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I'm working on an app using Bluetooth discovery pretty heavily (some detail here). The nature of the app is that I'm pretty much keeping the BT always on and waiting around for changes in BT names from some broadcasting devices. Power usage is not an issue since my device is permanently charging.

I've found that at certain times my app "loses the thread" and doesn't discover anything on BT, even though BT is turned on, and there are devices in range. In a manual way, I can solve this by turning the BT off and on on the device - presto! It works again. So I wanted to do this in code. I have a whole timeout timer, which sends a message to a handler:

        bluetoothHandler = new Handler() {
        @Override
        public void  handleMessage(Message msg) {
            if (!btAdapter.isDiscovering())
            {
                btAdapter.disable();
                btAdapter.enable();
                btAdapter.startDiscovery();
                // some other stuff
            }

Well, this code seems to sometimes crash with a null pointer exception on the "disable" line

Here's the ACRA info:

"java.lang.NullPointerException
    at android.os.Parcel.readException(Parcel.java:1328)
    at android.os.Parcel.readException(Parcel.java:1276)
    at android.bluetooth.IBluetooth$Stub$Proxy.disable(IBluetooth.java:604)
    at android.bluetooth.BluetoothAdapter.disable(BluetoothAdapter.java:562)
    at com.myapp.stuff.MainActivity$8.handleMessage(MainActivity.java:574)
    at android.os.Handler.dispatchMessage(Handler.java:99)
    at android.os.Looper.loop(Looper.java:130)
    at android.app.ActivityThread.main(ActivityThread.java:3687)
    at java.lang.reflect.Method.invokeNative(Native Method)
    at java.lang.reflect.Method.invoke(Method.java:507)
    at com.android.internal.os.ZygoteInit$MethodAndArgsCaller.run(ZygoteInit.java:842)
    at com.android.internal.os.ZygoteInit.main(ZygoteInit.java:600)
    at dalvik.system.NativeStart.main(Native Method)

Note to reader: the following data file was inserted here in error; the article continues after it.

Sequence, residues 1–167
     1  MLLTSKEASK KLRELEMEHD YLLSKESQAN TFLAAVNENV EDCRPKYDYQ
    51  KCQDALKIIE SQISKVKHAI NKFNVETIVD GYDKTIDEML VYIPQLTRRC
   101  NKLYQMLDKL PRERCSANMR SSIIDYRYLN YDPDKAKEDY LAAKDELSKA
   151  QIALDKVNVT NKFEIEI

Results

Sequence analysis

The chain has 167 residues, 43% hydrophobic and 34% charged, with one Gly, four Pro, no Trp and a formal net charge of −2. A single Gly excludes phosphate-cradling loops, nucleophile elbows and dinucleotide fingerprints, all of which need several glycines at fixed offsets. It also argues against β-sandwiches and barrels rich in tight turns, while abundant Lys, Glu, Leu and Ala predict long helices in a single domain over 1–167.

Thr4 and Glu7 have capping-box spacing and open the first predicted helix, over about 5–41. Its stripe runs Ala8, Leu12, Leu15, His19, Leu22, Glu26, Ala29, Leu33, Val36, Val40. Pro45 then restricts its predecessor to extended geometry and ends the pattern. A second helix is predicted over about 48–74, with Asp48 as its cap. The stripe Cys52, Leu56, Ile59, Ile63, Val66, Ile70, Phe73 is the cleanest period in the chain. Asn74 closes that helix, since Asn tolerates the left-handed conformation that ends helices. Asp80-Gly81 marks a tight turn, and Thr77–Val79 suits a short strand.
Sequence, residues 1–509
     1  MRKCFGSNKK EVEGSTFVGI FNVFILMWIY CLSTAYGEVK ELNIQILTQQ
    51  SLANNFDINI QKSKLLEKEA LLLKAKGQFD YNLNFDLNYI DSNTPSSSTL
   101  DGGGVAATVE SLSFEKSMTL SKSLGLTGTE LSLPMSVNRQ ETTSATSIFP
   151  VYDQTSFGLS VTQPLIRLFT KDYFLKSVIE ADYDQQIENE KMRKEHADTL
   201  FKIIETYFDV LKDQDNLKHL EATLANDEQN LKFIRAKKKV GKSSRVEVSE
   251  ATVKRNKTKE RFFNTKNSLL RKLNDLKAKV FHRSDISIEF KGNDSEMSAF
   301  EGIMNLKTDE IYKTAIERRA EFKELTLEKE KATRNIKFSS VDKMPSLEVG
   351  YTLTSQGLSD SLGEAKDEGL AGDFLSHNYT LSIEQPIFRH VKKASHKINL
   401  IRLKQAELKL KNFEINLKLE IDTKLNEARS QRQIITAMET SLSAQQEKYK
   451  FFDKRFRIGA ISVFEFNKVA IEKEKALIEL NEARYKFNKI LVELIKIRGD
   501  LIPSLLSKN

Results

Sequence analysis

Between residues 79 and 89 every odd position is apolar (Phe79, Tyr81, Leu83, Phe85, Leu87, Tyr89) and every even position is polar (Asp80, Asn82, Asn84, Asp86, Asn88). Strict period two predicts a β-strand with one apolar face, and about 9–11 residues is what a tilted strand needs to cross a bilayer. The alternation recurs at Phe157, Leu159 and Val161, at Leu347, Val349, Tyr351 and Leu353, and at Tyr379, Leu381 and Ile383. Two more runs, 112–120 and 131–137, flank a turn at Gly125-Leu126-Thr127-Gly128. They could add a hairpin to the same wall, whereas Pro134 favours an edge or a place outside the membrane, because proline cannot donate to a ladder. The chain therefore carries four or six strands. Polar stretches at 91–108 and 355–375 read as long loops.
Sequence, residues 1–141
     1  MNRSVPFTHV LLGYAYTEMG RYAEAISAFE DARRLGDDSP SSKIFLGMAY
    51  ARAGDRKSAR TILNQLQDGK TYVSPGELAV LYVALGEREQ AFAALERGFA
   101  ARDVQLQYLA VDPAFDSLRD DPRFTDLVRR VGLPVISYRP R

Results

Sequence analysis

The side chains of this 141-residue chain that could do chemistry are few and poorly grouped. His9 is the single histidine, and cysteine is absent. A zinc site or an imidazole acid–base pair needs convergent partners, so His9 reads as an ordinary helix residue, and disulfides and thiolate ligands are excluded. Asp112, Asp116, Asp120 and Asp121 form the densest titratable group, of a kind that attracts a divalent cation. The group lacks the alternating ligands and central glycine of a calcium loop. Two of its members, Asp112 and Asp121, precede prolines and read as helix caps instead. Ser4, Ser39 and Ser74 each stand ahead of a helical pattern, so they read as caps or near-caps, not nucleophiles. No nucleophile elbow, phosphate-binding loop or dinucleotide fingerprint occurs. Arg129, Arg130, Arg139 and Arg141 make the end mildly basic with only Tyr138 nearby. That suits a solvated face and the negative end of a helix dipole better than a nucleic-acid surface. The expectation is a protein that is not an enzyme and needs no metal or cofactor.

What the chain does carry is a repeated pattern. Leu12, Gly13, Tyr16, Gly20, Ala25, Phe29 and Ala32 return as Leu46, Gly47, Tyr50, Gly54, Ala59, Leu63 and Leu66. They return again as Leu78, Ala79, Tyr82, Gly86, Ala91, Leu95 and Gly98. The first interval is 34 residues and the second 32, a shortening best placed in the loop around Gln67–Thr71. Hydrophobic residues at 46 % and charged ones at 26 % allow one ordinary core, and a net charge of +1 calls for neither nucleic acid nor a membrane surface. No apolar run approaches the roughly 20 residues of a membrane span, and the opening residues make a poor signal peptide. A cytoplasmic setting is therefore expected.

As you can see, it doesn't make sense that the btAdapter is really null otherwise we would have crashed on the line before (the "if") - and even assuming the code is reentrant, I don't ever null the btAdapter in my code at any point - I set it in OnCreate and leave it forever so how does it get to be null?

I saw a couple of people posting that they got NullPointerException doing code with enable/disable - and suggestions to use Intents to start/stop Bluetooth - this is not an option here - there is no user intervention - the user (if they want this rather specialized app to work) needs the BT to be running (and if not running right to be fixed) automatically.

I'm assuming I can't put a try/catch around a NullPointerException (even though it is bogus) - does anyone know enough about the Bluetooth internals to figure out why disable is crashing on me?

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3 Answers 3

up vote 0 down vote accepted

Well, I don't really understand what was going wrong, but my fix was fairly simple and stupid:

Instead of leaving the one value around for btAdapter I check it each time before using it and try/catch for any exception (though i assume this wouldn't capture a REAL null pointer)

So every time I cll disable (which was crashing) I do this

                btAdapter = BluetoothAdapter.getDefaultAdapter();
                if (null == btAdapter)
                {
                    Log.e(LOG_TAG,"Bluetooth adapter is NULL!!!");
                    return;
                }
                try {
                    btAdapter.disable();
                }
                catch (Exception e) {
                    //don't do anything
                }
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I think you should put an assertion as the first line of your handleMessage function, e.g. assertNotNull( btAdapter ). Here's the doc for Assert. At least that way you know for sure that btAdapter really isn't null.

This doesn't really solve your problem, but your problem is a reminder that asserts can be helpful.

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Yeah, but it's not null earlier in the function anyway, so an Assert wouldn't prove anything. Additionally, I assign a value and never ever null it - so why would it ever become NotNull? –  Kibi May 30 '12 at 22:39

It is happening inside disable method. May be android source code reading of file BluetoothAdapter.java, line 562 help you in understanding what might be causing this issue.

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I may be reading the wrong copy of the source code but it doesn't seem to be in the disable function at all (by the way I'm reading it it looks like it's in the getDiscoverableTimeout function - go figure) –  Kibi May 30 '12 at 22:37

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